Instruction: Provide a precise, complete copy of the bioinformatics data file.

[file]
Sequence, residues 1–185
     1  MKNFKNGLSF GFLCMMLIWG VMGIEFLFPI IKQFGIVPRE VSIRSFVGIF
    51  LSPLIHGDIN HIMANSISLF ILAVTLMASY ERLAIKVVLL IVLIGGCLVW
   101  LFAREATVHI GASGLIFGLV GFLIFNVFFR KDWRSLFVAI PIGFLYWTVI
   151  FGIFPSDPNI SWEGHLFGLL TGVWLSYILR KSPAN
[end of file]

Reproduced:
Sequence, residues 1–185
     1  MKNFKNGLSF GFLCMMLIWG VMGIEFLFPI IKQFGIVPRE VSIRSFVGIF
    51  LSPLIHGDIN HIMANSISLF ILAVTLMASY ERLAIKVVLL IVLIGGCLVW
   101  LFAREATVHI GASGLIFGLV GFLIFNVFFR KDWRSLFVAI PIGFLYWTVI
   151  FGIFPSDPNI SWEGHLFGLL TGVWLSYILR KSPAN